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Great Lakes Article:

Volts may fend off invading carp
Tom Meersman and Mark Brunswick
Minneapolis Star Tribune
10/01/03


Minnesota natural resource officials said Tuesday that they are studying the possibility of building an underwater electric barrier across the Mississippi River to prevent the northward spread of Asian carp into the state's waterways.

The barrier, consisting of electrified cables or bars on the river bottom, would shock fish as they swim toward it. It might be installed somewhere between the Iowa border and the Twin Cities if a study concludes that it would work.

Two exotic species of carp, silver and bighead, have been expanding upriver since the 1980s, after they were imported by Arkansas fish farmers and apparently escaped.

The carp, which can weigh more than 60 pounds, are dangerous to boaters.

When motorboats pass through waters infested with silver carp, the fish routinely jump several feet out of the water and sometimes land in boats. The jumping fish have injured boaters and damaged their equipment.

Silver carp are moving up the Mississippi.Marlin LevisonStar Tribune"You get blood everywhere, slime everywhere and green poop, and that's if the fish doesn't fly to pieces," said Duane Chapman, fisheries biologist for the U.S. Geological Survey, who has been studying the carp for the past few years near Columbia, Mo.

Jay Rendall, exotic species coordinator for the Minnesota Department of Natural Resources (DNR), said bighead carp have been reported near the Minnesota border south of La Crosse, Wis., while the silver carp appear to be farther south in Iowa.

The carp, which are different from the common carp native to the river, feed on the same plankton consumed by native mussels, larval fish and even some full-grown fish, such as the paddlefish, he said. "Because of what they eat and how abundant they can get, they [Asian carp] are a significant threat to the whole food web of the river," Rendall said.

He said the DNR has hired Smith-Root Inc., a fisheries technology company in Vancouver, Wash., to look at stretches of the Mississippi -- mostly narrow sites including locks and dams -- where an electric barrier might be installed. The study will cost up to $5,000, he said.

Smith-Root built an experimental electric barrier in a canal that connects Lake Michigan to the Illinois River last year to prevent Asian carp from swimming up the canal and entering the Great Lakes. That $1.25 million barrier, located about 30 miles southwest of Chicago, consists of several spaced bundles of electric cables across the bottom of the 165-foot-wide canal. The system emits enough electricity to deter fish from swimming upstream.

The Asian carp are about 22 miles south of the electric barrier. It is being tested on several dozen common carp. Illinois officials, working with Smith-Root, the Army Corps of Engineers and others, are planning a $7.5 million permanent barrier nearby.

Ron Martin, aquatic invasive species coordinator for the Wisconsin Department of Natural Resources, said he is interested in a proposed barrier on the Mississippi. Authorities from several state and federal agencies and universities are scheduled to discuss the preliminary study results in late October. After that, the Minnesota DNR will decide whether the project is worth studying further.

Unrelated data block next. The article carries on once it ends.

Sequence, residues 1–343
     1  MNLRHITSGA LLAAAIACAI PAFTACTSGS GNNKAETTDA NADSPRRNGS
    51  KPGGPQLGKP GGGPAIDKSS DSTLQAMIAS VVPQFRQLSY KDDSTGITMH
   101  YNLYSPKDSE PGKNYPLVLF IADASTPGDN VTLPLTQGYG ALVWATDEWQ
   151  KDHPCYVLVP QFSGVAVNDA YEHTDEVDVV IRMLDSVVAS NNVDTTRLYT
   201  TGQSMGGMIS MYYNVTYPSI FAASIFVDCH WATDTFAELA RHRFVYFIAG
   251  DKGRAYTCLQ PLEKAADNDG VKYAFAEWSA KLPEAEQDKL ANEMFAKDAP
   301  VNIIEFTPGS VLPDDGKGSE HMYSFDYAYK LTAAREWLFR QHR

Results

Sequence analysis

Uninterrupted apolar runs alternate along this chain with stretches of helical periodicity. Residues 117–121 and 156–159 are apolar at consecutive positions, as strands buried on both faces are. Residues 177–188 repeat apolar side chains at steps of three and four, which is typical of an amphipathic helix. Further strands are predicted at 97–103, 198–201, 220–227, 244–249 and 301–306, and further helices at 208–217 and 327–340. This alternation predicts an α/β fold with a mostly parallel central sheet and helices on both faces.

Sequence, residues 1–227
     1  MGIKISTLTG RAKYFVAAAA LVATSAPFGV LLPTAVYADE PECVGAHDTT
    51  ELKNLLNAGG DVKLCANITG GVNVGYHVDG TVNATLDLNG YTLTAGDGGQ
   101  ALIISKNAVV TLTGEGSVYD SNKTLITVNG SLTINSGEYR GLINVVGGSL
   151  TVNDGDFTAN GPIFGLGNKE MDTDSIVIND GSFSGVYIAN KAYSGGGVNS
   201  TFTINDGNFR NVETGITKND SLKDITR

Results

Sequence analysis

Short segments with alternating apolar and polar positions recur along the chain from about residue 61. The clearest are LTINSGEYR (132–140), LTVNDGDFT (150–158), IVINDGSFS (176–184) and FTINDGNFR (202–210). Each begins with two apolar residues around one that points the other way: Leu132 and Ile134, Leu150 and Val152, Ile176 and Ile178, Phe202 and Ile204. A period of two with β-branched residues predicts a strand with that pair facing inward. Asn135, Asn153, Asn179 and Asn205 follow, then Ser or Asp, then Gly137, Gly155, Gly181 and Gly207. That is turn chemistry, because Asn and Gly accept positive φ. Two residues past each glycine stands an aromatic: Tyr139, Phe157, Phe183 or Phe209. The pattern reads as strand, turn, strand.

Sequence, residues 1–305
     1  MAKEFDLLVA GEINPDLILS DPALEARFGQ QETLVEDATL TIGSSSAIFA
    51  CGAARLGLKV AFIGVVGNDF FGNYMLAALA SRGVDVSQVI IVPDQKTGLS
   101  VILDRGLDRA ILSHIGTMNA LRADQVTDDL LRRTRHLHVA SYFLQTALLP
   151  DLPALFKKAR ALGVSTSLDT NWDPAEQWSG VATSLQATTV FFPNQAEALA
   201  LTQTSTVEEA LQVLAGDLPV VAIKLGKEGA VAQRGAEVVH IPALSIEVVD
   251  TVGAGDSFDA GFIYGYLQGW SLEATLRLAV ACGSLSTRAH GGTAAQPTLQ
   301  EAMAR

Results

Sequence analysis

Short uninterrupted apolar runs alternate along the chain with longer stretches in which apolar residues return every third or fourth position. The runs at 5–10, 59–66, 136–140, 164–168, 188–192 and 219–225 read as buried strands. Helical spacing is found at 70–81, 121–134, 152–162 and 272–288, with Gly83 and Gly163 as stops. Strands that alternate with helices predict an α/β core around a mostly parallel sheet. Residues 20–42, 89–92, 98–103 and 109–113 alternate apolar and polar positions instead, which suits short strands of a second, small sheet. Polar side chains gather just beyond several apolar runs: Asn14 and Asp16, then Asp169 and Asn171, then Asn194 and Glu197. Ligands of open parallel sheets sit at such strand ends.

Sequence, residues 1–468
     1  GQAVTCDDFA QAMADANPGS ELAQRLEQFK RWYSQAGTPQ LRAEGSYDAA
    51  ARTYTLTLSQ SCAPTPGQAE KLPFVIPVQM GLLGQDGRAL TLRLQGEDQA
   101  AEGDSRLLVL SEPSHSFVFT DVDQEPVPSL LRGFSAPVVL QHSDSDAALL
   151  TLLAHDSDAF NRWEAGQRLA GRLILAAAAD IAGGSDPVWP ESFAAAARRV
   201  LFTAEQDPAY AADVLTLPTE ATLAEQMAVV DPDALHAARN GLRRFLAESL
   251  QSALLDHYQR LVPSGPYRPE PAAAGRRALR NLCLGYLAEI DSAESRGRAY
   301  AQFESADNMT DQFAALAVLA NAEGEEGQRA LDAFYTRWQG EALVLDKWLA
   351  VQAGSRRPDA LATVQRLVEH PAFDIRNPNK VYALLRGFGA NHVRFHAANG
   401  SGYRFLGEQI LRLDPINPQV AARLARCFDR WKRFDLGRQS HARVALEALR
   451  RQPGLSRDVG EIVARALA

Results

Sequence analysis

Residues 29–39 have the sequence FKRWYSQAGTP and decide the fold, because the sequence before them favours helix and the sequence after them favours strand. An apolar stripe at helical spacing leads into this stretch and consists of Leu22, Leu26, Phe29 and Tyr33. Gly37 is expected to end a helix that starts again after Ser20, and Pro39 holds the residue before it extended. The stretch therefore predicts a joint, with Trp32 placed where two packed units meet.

If Wisconsin were asked to help pay for the barrier, that state's legislators would need assurances that the technology could stop the fish, Martin said. An electrified barrier also would affect native fish, which need to move up and down the river to spawn, he said.

Martin said he supports the study. "Any time you get 3-or 4-foot carp that are virtually eating machines, they're going to have an effect on the system," he said. "Instead of food that would be producing walleye, northern, bass or a number of other desirable species, all of a sudden that biomass is going into producing carp."

Vern Wagner, conservation director for the Minnesota B.A.S.S. Federation, said his group also hopes that the invasive carp can be blocked. "It is a subject of concern," he said. "They leap out of the water and attack people in their boats. None of us wants to have that happen to us."

However, Wagner said it might be difficult to construct barriers or gates on the Mississippi.

Pam Thiel, project leader for the U.S. Fish and Wildlife Service in La Crosse, said locks and dams have slowed, but not stopped, the movement of silver and bighead carp. She said the experimental barrier near Chicago is on a canal that is only about the width of two barges. A similar structure on the Mississippi probably would need to be much larger and far more expensive, she added.

"We need to look at the feasibility of this first and then make a more educated decision," she said. "But these carp have infected our riverways, and so it's going to be difficult to find a magic potion or some physical solution to eliminate them or even slow them down."

Scott Elkins, state director of the Sierra Club, said constructing barriers "is kind of like putting your thumb in a dike once the dam is crumbling." Money would be better spent to educate people about exotic species and to prevent others from being introduced, he said.

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